Entrepreneurial children running lemonade stands has become a target for the nation’s control freaks. Children all over the country are being fined for not having permits, not because it’s a problem, but because of someone with a big mouth or power intervening.
Children selling Kool-Aid or Lemonade from a stand is a wonderful American tradition. Perhaps that is what people don’t like, but there is help at hand.
The Heinz-owned Country Time Lemonade will cover fees and fines for the children affected, up to $300. They have started a $60,000 fund so far.
They call the initiative ‘Legal-Ade’.
You may think busting kids doesn’t happen often but it does. Fox 2 in St. Louis listed a few cases:
Last week, two Denver brothers selling lemonade for charity saw their stand get shut down because they didn’t have a permit. In Texas, two sisters set up a lemonade stand to raise money for a Father’s Day present, but they were shut down and fined for not having a permit or health department approval. And in Maryland, fines for permitless stands have reached a hefty $500.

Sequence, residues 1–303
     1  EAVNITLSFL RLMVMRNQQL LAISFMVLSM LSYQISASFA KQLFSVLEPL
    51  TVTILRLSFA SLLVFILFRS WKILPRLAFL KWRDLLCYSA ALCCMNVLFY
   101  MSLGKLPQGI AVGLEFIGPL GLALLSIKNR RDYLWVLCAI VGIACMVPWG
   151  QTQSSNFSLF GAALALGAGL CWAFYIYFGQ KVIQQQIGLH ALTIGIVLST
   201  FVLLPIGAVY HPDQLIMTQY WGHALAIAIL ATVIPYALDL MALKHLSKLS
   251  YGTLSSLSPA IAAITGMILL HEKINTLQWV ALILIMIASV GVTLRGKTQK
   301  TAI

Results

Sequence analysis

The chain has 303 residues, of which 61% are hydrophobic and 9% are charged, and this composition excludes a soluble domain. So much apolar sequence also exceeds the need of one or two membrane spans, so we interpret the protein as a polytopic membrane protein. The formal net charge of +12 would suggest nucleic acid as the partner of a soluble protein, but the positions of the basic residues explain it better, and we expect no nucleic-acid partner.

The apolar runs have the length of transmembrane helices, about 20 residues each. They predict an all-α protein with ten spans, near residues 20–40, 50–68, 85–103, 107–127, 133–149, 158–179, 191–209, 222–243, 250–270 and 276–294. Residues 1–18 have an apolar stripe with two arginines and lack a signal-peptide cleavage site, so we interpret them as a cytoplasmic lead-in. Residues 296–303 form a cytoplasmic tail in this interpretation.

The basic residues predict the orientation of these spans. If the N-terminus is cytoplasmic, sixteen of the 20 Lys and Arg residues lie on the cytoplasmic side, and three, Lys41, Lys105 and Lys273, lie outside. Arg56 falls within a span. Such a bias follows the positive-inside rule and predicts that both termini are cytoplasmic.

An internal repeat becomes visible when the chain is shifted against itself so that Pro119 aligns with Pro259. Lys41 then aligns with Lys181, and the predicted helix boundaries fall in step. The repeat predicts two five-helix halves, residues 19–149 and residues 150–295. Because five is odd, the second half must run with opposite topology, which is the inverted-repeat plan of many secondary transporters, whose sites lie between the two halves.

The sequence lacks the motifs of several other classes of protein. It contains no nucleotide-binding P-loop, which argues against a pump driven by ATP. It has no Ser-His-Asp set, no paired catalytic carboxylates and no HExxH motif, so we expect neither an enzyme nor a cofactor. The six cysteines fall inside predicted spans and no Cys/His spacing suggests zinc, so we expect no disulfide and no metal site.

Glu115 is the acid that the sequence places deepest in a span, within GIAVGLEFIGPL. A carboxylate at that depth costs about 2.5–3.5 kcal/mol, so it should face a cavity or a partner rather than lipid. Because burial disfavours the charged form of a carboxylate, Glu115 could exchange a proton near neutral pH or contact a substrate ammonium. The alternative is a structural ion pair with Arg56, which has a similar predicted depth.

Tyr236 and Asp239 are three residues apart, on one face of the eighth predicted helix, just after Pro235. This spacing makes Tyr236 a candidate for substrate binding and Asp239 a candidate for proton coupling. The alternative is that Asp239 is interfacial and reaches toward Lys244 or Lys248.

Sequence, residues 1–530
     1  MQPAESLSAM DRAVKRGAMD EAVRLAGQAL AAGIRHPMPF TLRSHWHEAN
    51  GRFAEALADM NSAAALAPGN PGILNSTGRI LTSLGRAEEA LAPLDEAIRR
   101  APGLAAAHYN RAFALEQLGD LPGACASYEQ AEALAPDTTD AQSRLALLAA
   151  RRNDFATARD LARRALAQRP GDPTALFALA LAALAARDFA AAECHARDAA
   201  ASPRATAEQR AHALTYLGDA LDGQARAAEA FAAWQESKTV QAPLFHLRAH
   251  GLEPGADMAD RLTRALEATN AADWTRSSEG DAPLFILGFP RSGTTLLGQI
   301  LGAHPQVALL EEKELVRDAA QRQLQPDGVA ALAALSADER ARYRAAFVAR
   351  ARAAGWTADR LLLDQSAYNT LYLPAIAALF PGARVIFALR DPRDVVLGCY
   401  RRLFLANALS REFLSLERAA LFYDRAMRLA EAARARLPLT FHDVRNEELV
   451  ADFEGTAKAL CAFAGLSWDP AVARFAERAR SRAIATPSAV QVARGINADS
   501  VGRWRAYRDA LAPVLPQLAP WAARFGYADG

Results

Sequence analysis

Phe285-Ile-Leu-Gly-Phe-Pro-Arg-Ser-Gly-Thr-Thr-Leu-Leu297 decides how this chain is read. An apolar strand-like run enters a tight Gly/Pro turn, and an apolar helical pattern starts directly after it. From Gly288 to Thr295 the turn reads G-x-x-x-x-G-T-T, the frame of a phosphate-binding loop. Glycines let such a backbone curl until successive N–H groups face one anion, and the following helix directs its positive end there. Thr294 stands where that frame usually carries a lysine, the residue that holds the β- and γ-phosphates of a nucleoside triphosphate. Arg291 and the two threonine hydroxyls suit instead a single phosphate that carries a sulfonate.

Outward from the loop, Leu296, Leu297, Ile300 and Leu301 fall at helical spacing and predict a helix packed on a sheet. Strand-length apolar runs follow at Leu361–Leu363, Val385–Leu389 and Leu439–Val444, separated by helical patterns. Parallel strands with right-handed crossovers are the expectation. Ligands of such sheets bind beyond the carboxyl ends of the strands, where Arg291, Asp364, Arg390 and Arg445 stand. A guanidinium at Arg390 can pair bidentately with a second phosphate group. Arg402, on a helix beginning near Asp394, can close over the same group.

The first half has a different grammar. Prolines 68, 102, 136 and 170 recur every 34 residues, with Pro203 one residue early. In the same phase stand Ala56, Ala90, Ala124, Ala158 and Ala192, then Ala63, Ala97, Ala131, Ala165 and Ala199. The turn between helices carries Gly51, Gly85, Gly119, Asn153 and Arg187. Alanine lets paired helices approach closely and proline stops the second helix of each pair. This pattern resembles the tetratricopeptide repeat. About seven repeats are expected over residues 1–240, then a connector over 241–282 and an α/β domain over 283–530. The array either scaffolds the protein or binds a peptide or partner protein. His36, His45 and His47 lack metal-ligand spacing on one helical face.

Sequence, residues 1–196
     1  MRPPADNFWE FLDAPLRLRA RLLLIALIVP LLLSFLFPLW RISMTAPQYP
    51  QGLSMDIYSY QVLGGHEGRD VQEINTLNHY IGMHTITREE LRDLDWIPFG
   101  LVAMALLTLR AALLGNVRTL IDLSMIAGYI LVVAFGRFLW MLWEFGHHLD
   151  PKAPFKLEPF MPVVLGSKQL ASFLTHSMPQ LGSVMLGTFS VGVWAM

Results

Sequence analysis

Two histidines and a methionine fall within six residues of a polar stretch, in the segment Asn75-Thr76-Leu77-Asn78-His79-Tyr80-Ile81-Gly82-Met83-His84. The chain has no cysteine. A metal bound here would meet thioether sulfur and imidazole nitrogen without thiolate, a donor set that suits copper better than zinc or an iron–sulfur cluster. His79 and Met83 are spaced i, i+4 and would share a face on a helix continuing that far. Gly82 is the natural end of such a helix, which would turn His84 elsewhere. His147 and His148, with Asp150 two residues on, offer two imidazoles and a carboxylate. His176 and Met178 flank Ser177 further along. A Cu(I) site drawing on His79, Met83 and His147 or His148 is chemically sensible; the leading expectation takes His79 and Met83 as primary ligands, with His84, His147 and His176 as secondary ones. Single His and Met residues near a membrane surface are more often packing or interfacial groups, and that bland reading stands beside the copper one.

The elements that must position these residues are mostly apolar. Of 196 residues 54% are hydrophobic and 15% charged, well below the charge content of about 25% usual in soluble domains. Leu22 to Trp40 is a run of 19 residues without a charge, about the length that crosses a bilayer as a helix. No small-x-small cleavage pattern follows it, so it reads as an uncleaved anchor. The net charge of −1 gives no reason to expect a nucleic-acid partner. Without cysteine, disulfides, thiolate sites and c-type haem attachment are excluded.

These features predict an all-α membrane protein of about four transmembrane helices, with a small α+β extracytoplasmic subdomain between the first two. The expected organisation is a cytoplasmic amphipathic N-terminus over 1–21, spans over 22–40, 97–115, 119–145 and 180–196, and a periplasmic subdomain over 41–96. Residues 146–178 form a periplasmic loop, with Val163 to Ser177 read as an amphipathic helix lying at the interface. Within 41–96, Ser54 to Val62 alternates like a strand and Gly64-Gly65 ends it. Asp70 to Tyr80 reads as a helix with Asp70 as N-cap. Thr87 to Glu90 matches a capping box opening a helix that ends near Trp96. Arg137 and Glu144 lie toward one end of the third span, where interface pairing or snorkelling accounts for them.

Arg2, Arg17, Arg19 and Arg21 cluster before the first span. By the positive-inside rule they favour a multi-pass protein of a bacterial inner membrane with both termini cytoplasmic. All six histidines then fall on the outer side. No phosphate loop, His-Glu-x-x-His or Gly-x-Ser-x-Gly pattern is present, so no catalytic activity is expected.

Kids outside of the US are also getting in trouble for selling lemonade, including a girl from East London who was fined 150 pounds.
Adam Butler, Kraft Heinz’s general manager of beverages and nuts, said the Denver incident is an example of what inspired the company to help.
“When we saw these stories about lemonade stands being shut down for legal reasons, we thought it had to be an urban myth. After looking into it and seeing even more instances, we realized these weren’t myths, they were real stories,” Butler told CNN. ” A very real response seemed the best way to shine a light on the issue.”
To apply for reimbursement, parents or guardians can upload a picture of their child’s permit or fine to Legal-Ade’s website.
It’s a great advertisement for the brand and a great idea! Another American tradition — it’s called fighting back!